Can I request counseling before divorce?
In Arizona, only one spouse has to want a divorce in order to achieve it. (That statement does not apply to covenant marriage, read more about covenant divorce in Arizona.)
Oftentimes, the spouse not seeking the divorce would like to attempt counseling before the divorce is filed or finalized. However, there is no way to “force” the spouse that desires a divorce to seek counseling if they don’t want to attend.
To resolve this conflict, the Superior Court offers a service called Conciliation Counseling to married couples who are either considering or in the midst of a divorce. Either party can filed a Petition for Conciliation Counseling either before or after the divorce petition has been filed.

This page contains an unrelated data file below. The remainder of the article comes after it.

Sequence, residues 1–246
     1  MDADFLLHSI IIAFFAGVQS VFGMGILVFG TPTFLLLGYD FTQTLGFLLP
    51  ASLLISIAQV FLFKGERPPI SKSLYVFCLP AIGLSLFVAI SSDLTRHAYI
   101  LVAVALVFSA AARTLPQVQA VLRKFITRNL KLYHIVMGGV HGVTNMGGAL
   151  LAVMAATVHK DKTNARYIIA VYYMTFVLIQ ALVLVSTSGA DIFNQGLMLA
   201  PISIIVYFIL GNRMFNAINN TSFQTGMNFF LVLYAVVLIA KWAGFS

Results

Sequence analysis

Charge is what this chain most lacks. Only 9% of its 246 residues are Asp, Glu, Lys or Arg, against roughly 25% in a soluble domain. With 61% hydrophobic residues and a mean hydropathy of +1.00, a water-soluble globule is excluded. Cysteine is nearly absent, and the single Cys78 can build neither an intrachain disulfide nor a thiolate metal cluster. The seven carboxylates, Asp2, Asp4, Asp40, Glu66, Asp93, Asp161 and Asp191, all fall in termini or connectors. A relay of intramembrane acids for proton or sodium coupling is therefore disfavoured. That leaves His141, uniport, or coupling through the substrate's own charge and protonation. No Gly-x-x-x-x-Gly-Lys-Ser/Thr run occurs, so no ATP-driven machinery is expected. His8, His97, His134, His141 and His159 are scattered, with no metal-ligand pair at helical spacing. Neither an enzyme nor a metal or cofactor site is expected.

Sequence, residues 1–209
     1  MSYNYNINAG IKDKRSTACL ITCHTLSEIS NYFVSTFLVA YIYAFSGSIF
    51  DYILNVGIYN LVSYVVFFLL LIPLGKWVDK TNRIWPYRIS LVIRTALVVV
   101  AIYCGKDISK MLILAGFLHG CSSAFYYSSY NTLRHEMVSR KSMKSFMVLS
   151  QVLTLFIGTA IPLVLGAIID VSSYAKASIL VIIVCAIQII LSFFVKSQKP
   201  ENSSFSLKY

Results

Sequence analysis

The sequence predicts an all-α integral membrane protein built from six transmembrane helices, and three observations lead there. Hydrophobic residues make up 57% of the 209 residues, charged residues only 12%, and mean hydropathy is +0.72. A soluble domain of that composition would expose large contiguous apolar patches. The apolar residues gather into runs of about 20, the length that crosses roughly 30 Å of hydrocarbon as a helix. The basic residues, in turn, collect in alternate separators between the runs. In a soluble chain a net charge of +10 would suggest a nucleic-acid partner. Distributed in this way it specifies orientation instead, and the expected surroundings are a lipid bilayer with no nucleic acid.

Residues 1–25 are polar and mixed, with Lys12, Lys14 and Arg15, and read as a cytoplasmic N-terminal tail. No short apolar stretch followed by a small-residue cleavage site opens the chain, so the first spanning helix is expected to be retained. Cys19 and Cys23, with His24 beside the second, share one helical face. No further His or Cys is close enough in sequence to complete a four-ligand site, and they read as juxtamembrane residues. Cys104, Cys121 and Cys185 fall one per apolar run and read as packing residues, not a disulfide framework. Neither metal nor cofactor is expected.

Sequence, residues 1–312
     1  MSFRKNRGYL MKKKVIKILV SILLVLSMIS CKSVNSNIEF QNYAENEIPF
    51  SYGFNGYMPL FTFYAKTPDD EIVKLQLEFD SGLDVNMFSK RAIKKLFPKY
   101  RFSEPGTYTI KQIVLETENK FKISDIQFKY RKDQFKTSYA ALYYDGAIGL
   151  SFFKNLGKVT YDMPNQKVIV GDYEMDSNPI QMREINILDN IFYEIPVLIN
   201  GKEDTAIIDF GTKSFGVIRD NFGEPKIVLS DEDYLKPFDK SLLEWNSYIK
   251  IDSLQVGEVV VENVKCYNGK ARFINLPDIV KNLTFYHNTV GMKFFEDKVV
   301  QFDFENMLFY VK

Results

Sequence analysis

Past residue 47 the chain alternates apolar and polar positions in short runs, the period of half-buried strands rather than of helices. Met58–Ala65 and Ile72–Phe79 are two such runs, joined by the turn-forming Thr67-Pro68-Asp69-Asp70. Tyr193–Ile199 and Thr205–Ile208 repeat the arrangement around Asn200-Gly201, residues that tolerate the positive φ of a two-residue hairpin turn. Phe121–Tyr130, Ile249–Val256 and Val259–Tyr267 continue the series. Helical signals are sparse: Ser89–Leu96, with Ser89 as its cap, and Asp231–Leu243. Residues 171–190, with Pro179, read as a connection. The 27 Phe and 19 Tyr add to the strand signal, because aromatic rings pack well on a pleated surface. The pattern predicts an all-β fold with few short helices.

If a divorce is not yet pending and a request for Conciliation Counseling has been filed, neither party can file for divorce for 60 days. If a divorce petition has already been filed, the divorce case will be transferred from the Family Law Court to the Conciliation Court and the divorce cannot be finalized until the provisions of Conciliation Counseling are met. Either way, both parties will be required to attend a private, confidential counseling session with a professional counselor. The purpose of Conciliation Counseling is to assist the couple is making an informed decision about their relationship. No coercion is used to try to force reconciliation.
However, if during the counseling session the couple jointly expresses a desire to attempt to reconcile before moving forward with divorce, they will be referred to a non-Court counseling service and their divorce case (if filed) will be placed on hold. If either party indicates they do not want to attempt reconciliation, no further counseling will take place and the divorce case will transfer back to the Family Law Court for finalization.